- In countries like USA and Singapore children in second and third grade undergo a specific training included in their school programme. It is called “social and emotional learning” or SEL. This programme boosts their self-awarenees and cognitive control by practicing on child”s focus and mindfulness. Here is a practical example of SEL in schools. When a teacher strikes a melodious chime, the kids silently gather on a large rug, sitting in rows, cross-leged. One girl goes over to the classroom door, puts a DO NOT DISTURB sign on th eoutside knob, and closes it. Boys and girls then find a spot on the floor to lie down, put their stuffed animal buddy (a pink pig, a yellow puppy, a purple donkey, etc.)on their belly and wait, hands to their sides. Then they follow the directions of a friendly voice leading them through some deep belly breathing, as they count to themselves “one, two, three” while they take a long exhalation and inhalation. After a few minutes it end with a voice saying “now sit up and feel relaxed”, and as they do, they all seem to be just that. This exercise in the SEL programme has a name “Breathing Buddies”. There are also many other techniques, like the stoplight. When second and third graders in a Seattle school are getting upset, they are told to think of a traffic signal. Red light means stop-calm down. Take a long, deep breath and as you calm down a bit, tell yourself what the problem is and how you feel. The yellow light reminds them to slow down and think of several possibilities that might solve the problem, then choose which is best. The green light signals them to try out the plan and see how it works. The stoplight rehearses the shift from bottom up, amygdala-driven impulse, to top down, prefrontal executive-driven attention. You can find more about SEL and books about this topic here:http://www.casel.org/social-and-emotional-learning/ Well, it is worth mentioning that Singapore has become the first country in the world to require every one of its students go through an SEL programme. The tiny city-state represents one of the great economic success stories of the last fifty years. Singapore has no natural resources, no great army, no special political sway. It secrets lie in its people – an outstanding workforce with an eye towards the future. Also the safest country in the world with lowest criminal rates. I have been there in 2014 and I can tell what discipline and self-control means. It would most surely be worth to bring SEL techniques into Slovenian kindergartens and primary schools.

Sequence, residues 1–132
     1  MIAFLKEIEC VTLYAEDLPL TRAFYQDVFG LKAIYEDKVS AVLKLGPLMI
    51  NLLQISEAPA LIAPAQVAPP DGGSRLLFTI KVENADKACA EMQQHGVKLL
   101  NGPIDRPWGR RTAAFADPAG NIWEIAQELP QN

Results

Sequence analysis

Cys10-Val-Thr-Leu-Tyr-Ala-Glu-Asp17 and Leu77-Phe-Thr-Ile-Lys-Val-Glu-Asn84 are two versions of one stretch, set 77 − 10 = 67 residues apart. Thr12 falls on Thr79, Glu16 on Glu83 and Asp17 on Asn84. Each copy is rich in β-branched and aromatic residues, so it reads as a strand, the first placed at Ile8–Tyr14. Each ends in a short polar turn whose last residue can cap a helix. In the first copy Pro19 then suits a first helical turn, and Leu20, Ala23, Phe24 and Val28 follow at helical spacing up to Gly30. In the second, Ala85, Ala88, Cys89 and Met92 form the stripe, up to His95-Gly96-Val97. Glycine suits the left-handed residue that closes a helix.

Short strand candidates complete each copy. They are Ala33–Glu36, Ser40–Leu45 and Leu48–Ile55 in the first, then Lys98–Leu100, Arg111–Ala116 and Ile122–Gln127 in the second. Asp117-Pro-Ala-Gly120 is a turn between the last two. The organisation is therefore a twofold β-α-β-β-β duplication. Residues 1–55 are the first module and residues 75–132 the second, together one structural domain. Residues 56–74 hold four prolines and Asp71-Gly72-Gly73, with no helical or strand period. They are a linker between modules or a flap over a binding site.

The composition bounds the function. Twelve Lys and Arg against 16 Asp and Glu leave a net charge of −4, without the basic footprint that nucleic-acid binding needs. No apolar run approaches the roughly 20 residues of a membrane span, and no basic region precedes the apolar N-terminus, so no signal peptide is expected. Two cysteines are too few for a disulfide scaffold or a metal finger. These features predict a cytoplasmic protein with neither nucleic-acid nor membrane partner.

So the universal instructions are these: when your mind wanders – and you notice that it has wandered – bring it back to your point of focus and sustain your attention there. And when your mind wanders off again, do the same. And again. And again. And again. During mind wandering the brain activates the usual medial circuitry. At the moment you notice your mind has wandered, another attention network perks up. And as you shift focus back ( to your breathe for example, if you are doing a meditation concentrated on your breathing a few minutes a day), prefrontal cognitive control takes over. As in any workout, the more repetitions the stronger the muscle becomes. That is the mental gym. You can find more about emotional intelligence on the author”s blog (Daniel Goleman).